US Soccer’s search could take even longer because their decision is multifaceted. She must first decide how to set up her sports department; and then what type of leadership the new structure requires.

“If a company goes into the hiring process with only a vague idea of ​​the type of profile and experience they’re looking for, chances are they’re a poor fit for the job,” Patrick, Head of Executive Search at Sportsology Manhire, wrote in 2020. “Conversely, a team that knows exactly what they are looking for will have a much easier time identifying suitable candidates. Even though the mechanics of the process take a lot of time, their chances of finding a good fit are greatly improved.”

These directional decisions will then guide the search. Forde has none Type. He and Sportsology don’t delve too far into tactics and game systems. Their criteria are dynamic, not rigid, and apply to multiple sports.

“When advising a team on hiring a head coach, general manager or athletic director, there are four key issues that are critical to any successful appointment,” Manhire told ESPN in 2021. “One. Are they trainable and ready to take on ideas? Employees or personal responsibility?2. Are they self-reflective and open to changes in their approach? 3.Are they open to feedback and willing to make themselves uncomfortable in order to move forward? 4.Do they know what they are and what are they fundamentally capable of? Giving employees, experts in their field, the autonomy to deliver?”

Forde has spoken of an openness to non-traditional, cross-sport attitudes. “It’s really important to build that cognitive diversity into management,” he said in 32 Thoughts. “So if we have 10 people, do we want the top four people to come from outside of this sport? Probably a bridge too far. But could we include one or two people in these four leadership roles who have experience in possibly another sector or possibly another sport or within the sport’s ecosystem? Absolutely.”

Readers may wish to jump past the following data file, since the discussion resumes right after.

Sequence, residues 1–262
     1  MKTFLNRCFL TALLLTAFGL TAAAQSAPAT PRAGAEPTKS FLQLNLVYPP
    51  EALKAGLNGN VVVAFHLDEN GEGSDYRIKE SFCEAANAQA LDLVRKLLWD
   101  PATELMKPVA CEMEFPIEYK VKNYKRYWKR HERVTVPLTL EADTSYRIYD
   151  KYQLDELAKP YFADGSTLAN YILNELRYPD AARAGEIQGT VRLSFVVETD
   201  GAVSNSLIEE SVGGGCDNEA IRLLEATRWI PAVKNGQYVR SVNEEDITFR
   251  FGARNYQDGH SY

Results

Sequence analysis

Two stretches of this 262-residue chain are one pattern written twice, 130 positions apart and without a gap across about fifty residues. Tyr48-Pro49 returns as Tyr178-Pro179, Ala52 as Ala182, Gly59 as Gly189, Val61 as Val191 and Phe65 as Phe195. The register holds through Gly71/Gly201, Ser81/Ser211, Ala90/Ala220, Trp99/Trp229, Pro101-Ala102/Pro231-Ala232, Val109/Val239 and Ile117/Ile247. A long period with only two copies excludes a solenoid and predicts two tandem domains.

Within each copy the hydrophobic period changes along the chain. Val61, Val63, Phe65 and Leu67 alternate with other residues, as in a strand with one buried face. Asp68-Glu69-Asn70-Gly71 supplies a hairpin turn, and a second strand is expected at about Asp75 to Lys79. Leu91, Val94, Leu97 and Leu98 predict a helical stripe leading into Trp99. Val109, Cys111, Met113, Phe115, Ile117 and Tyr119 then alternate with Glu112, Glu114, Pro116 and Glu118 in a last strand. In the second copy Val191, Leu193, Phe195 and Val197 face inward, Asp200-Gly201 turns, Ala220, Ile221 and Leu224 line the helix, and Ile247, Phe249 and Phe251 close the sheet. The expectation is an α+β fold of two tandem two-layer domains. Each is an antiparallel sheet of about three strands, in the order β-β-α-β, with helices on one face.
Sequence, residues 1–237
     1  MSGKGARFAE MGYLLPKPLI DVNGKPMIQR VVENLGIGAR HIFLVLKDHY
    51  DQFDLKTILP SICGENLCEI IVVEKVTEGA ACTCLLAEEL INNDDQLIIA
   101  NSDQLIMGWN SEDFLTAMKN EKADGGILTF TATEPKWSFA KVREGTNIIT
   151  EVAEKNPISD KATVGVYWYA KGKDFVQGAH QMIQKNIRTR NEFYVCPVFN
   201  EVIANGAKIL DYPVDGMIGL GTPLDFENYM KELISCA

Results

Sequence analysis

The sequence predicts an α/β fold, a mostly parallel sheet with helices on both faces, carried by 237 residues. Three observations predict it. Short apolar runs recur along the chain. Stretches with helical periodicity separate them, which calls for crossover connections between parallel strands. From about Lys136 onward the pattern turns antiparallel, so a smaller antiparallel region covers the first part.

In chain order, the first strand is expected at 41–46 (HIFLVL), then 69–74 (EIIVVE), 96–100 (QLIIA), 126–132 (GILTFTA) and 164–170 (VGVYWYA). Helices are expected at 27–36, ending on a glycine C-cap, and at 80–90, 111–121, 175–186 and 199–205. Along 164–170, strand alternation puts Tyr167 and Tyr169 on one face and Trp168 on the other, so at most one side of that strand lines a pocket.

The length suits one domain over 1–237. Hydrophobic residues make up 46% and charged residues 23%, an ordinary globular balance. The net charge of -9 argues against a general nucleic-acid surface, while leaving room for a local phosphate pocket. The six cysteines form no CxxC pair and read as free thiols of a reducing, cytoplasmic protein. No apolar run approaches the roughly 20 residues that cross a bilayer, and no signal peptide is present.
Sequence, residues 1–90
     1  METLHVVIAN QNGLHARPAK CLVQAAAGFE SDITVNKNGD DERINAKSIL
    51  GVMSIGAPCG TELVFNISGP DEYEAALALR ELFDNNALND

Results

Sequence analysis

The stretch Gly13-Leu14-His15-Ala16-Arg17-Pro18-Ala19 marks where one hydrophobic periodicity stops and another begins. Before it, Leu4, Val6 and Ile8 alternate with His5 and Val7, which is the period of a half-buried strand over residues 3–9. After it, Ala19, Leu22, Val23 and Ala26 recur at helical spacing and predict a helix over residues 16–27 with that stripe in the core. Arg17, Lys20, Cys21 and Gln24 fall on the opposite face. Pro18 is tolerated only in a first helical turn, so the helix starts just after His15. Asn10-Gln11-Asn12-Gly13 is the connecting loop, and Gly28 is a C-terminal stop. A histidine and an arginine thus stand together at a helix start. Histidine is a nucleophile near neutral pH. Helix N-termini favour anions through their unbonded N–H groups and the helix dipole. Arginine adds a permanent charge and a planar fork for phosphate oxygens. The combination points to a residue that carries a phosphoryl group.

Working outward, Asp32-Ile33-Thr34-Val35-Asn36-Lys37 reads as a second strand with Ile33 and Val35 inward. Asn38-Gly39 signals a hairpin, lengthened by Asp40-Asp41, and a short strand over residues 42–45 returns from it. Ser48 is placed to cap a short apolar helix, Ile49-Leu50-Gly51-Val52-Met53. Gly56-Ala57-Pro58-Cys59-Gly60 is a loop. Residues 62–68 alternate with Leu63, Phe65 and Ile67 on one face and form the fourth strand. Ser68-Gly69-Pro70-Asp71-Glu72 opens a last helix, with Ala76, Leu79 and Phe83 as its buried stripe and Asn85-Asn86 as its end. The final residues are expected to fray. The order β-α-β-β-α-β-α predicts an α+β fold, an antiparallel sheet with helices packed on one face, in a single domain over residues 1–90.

He also believes that communication is “non-negotiable”, but on the subject of language barriers, which are common in football, he said: “I do think that a penchant for certain narrow language as the only operating model reduces the market of talent. If you find someone you like who doesn’t have the language skills, I think you can complement them with intelligent employees.”

His philosophical reflections begin to paint a picture on what Parlow Cone called a “clean canvas”. US soccer is likely to evolve in the coming months. Up until five years ago, it hadn’t even employed a sports director or general manager. Its moves to create these positions in 2018 and 2019 brought it into contact with some European federations, but it never stepped back and thought together about what the optimal organizational chart and workflow would be.

Since Parlow Cone ascended to the presidency in 2020, “we’ve already made many significant changes on the business side of US soccer,” she noted last week. “Now I feel like we have an opportunity to do that on the sporting side.”